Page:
As its World Malbec Day, we thought we'd revist the Malbec grape in its original home: Cahors in South West France...
The red wines of the Lot Valley vineyards have such a deep colour that they are commonly known as the Black Wines of Cahors. Loved by Roman Emperors, who authorised the vines to be planted some 2000 years ago, Cahors wine was on the tables at the marriage of Eleanor of Aquitaine and Henry Plantagenet in 1152. Popes (especially Jean XXII, himself a Cahorsin), Kings and Russian Czars loved the stuff and its reputation spread far and wide.
Cahors is made from Malbec, either 100% or blended with a small amount of Merlot or Tannat grapes (usually). Some of the best soils are red with limestone pebbles, which store the sun's heat and releases it during the night. The vineyards stretch from the Pont de Valentré at Cahors itself to Fumel in the west and the producers are only allowed to use the designation AOC (Appellation d'Origine Contrôlée) Cahors for their red wine – white and rosés are sold as 'Vin de Pays du Lot'.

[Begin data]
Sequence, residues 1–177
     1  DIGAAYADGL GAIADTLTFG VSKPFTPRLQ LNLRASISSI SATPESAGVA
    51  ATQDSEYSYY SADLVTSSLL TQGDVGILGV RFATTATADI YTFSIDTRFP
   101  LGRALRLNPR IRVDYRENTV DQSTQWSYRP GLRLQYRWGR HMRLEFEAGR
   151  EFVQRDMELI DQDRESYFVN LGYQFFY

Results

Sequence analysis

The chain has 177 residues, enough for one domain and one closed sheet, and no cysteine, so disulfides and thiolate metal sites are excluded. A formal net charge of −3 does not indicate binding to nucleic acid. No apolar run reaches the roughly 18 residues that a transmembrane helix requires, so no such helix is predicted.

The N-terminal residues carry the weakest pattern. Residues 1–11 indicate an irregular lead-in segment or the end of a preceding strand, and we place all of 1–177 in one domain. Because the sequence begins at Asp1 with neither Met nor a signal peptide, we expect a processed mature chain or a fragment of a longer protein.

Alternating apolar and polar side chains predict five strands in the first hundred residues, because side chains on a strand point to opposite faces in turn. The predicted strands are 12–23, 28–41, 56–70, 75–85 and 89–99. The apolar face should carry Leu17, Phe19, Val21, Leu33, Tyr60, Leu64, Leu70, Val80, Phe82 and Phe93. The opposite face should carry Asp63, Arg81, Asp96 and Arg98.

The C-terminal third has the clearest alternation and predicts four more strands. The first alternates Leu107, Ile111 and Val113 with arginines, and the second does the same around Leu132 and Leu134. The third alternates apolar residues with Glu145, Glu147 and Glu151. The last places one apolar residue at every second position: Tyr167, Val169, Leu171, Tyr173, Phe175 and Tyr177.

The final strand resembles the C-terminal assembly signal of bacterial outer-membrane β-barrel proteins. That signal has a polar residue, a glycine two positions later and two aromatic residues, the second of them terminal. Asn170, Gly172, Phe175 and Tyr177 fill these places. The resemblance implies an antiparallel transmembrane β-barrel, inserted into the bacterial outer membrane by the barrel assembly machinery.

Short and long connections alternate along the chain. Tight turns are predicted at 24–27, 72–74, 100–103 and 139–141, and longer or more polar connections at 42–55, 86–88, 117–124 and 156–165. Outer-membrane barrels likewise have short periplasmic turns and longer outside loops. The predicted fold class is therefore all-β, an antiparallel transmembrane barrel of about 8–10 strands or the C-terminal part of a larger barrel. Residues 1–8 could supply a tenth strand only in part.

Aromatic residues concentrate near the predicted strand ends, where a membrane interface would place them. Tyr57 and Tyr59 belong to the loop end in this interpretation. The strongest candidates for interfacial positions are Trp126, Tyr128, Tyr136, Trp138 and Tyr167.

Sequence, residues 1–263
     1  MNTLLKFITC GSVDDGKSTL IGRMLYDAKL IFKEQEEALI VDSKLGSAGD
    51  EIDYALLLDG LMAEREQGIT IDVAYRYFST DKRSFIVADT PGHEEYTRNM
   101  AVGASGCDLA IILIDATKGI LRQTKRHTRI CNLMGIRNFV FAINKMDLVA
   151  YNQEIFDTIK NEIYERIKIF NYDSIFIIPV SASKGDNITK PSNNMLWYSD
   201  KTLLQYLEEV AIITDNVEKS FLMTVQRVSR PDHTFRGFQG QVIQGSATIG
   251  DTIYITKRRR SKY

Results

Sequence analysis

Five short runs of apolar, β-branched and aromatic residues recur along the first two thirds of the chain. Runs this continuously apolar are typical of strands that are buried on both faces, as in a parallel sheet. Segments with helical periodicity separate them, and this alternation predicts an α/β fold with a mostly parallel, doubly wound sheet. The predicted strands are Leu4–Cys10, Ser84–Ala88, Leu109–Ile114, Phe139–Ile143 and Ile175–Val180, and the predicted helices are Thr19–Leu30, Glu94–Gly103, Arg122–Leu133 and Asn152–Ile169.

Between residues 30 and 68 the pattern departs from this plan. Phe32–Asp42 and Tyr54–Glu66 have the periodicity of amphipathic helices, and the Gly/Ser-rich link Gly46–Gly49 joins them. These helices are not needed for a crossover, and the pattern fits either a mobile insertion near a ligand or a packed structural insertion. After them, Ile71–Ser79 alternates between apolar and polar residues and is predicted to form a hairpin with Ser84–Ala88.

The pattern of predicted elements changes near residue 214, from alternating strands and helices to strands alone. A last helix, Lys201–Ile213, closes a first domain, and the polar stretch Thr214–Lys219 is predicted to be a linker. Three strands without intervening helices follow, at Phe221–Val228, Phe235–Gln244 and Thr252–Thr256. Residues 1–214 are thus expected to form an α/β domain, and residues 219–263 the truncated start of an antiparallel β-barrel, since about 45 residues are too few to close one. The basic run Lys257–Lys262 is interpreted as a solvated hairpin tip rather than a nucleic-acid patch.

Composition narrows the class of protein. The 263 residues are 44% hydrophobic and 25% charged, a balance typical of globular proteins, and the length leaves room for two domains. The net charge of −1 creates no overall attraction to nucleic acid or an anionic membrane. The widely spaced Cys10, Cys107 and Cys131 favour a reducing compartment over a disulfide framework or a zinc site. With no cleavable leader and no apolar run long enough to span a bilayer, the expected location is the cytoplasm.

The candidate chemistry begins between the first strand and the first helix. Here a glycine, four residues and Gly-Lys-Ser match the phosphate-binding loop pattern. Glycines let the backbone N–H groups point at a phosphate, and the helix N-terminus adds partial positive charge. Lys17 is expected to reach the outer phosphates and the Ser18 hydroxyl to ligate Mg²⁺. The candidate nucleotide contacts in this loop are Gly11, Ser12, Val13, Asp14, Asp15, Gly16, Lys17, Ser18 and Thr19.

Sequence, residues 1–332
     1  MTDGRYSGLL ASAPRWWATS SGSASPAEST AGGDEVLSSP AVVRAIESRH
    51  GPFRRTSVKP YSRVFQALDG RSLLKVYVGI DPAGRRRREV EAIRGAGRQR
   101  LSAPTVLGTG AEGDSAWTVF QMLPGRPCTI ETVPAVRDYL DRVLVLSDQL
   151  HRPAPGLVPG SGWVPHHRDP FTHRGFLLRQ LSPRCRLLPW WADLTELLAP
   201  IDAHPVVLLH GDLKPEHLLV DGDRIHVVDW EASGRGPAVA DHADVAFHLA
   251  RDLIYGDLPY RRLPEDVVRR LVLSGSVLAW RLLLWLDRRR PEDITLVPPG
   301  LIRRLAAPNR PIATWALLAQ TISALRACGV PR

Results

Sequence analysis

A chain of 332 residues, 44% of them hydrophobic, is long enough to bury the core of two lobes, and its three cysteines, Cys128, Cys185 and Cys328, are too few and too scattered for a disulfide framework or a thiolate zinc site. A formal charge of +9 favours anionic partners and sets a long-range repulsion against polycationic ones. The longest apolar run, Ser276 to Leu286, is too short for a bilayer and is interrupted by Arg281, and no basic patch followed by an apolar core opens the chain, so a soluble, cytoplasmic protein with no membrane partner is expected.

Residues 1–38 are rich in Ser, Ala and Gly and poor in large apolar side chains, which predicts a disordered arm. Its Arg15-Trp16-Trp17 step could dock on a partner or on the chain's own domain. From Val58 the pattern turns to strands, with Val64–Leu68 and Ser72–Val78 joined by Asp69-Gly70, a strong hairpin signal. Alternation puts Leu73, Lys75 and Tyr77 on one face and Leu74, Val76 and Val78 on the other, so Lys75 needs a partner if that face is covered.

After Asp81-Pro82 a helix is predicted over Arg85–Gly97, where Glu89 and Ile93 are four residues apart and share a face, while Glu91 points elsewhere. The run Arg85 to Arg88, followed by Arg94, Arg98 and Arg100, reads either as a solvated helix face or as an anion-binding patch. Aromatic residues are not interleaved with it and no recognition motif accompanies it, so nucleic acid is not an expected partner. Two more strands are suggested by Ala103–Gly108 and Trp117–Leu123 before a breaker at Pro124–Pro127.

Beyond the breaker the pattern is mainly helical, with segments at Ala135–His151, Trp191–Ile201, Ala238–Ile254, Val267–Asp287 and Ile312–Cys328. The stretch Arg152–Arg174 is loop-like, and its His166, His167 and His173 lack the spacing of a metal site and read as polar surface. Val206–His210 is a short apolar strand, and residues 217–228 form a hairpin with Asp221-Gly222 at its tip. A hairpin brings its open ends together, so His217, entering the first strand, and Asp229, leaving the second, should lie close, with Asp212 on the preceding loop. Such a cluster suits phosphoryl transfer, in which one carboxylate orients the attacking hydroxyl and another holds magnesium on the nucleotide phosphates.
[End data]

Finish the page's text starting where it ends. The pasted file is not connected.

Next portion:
FACT: Malbec is also known as Auxerrois or Côt in Cahors and is called Malbec or Pressac in other regions.